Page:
According to the University of Illinois McKinley Health Center, ʺover 100 million women worldwide currently use an oral contraceptive, the pill, to prevent pregnancy. The pill is also widely used to regulate menstrual periods, reduce menstrual cramps, and treat hormonal imbalances and ovarian cysts. The pill is a combination of estrogen and progestin. These are the same hormones that are naturally produced in the ovaries and are responsible for ovulation and the menstrual cycle.ʺ
One of the side effects of may be spotting or bleeding while on the pill. Bleeding while on birth control is also known as vaginal bleeding, irregular bleeding, intermenstrual bleeding or metrorrhagia.
The McKinley Health Center website said, ʺspotting/bleeding while on active pills [is] very common in the first cycle of pills or if pills are missed or taken late. Bleeding may be very light or as heavy as a period and may occur anytime in the cycle of active pills. Be sure to take your pill at the same time every day. Spotting will usually improve as you continue additional cycles of pills and should not be occurring by the end of the third cycle.ʺ
The Planned Parenthood website verified similar information, stating, ʺIn the first few months of taking birth control pills, many women have some light bleeding or spotting between periods. Taking your pills at the same time each day can help this. If this continues after the first few months, call your health center. Missing pills can also cause spotting or bleeding between periods. Remember to keep taking your pills every day, at the same time – even if you are spotting or bleeding.ʺ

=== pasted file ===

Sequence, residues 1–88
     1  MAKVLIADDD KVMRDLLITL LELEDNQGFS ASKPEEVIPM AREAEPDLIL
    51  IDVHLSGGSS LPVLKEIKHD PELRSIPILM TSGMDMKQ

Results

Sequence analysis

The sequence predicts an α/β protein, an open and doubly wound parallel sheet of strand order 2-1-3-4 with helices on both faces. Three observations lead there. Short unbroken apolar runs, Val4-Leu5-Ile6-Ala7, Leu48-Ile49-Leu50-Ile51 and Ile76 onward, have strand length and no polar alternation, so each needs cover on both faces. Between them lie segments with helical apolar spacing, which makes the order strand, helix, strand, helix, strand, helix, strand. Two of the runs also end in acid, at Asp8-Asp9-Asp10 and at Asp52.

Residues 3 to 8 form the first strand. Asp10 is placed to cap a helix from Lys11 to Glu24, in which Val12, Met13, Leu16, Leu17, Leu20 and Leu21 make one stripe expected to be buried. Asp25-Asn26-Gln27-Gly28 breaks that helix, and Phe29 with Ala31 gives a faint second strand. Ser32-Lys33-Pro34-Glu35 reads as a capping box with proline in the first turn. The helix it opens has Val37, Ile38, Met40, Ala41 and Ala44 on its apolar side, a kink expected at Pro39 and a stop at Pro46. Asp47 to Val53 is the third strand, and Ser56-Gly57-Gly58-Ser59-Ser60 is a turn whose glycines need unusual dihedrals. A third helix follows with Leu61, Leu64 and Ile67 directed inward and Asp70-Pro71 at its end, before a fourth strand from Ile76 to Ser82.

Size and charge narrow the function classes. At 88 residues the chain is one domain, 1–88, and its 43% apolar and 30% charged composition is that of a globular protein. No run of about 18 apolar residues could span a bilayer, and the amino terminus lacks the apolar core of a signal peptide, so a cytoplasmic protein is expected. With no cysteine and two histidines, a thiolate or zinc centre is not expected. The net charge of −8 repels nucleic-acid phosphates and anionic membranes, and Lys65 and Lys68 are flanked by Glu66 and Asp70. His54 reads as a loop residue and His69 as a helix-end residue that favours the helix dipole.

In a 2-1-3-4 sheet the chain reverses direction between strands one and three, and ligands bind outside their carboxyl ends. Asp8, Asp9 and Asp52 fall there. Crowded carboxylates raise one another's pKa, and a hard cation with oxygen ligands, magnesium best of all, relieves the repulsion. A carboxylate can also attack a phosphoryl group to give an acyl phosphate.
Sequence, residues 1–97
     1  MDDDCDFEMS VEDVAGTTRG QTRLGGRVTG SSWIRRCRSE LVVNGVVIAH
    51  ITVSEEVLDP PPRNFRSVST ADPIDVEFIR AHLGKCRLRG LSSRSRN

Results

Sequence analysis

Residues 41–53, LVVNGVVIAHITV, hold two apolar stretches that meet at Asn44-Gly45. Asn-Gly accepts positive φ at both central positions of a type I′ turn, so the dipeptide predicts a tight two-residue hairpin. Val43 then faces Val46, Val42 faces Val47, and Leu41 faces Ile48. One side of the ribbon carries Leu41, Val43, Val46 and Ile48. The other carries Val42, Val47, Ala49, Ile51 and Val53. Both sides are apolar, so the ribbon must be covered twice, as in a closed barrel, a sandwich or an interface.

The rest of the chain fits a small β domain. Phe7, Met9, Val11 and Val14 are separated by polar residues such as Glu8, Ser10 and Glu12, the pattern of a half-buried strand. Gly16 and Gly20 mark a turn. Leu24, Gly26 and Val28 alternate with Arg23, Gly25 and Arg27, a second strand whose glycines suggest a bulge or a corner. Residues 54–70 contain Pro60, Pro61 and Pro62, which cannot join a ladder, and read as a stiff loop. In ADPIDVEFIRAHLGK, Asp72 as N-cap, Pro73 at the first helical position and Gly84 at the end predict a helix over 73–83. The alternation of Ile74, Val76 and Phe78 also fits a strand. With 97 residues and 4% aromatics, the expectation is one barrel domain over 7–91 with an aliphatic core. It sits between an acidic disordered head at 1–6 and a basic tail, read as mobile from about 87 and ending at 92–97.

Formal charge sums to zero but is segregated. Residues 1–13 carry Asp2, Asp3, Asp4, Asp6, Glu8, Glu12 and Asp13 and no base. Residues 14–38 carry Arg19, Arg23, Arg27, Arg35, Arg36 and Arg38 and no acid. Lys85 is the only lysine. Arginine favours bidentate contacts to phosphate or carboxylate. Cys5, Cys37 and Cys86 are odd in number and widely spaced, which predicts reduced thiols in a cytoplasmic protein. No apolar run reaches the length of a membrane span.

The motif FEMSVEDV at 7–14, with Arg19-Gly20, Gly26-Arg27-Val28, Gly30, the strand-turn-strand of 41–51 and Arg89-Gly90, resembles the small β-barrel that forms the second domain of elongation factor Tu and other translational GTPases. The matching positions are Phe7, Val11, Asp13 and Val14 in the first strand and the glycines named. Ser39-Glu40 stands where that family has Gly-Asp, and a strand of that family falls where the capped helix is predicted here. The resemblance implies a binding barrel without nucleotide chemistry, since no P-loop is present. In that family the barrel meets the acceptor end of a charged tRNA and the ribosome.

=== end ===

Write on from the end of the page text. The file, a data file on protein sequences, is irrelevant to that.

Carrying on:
If you have heavy bleeding contact your health care professional immediately. Inform your health care provider if you missed any pills.
If you are spotting or bleeding, it is important to take a measurement and verify if it is coming from the vagina, for example, by inserting a tampon. If the tampon has blood, this verifies it is vaginal bleeding and rules out that the blood is coming from the rectum or passing with the urine.
Your doctor or health care professional may ask you how much spotting is occurring. To determine the measurement of the spotting keep a record of how many tampons or pads you have used.
Do not use aspirin as this may prolong your bleeding.
FAQs for Birth Control Users - Planned Parenthood - Maryland. Sexual & Reproductive Health - Sex Education - Planned Parenthood. Retrieved February 29, 2012, from
The Pill - McKinley Health Center - University of Illinois. McKinley Health Center - University of Illinois at Urbana-Champaign. Retrieved February 29, 2012, from http://www.mckinley.illinois.edu/handouts/pill_the.html
Vaginal bleeding between periods: MedlinePlus Medical Encyclopedia. National Library of Medicine - National Institutes of Health. Retrieved February 29, 2012, from
Reviewed March 1, 2012
by Michele Blacksberg RN
Edited by Jody Smith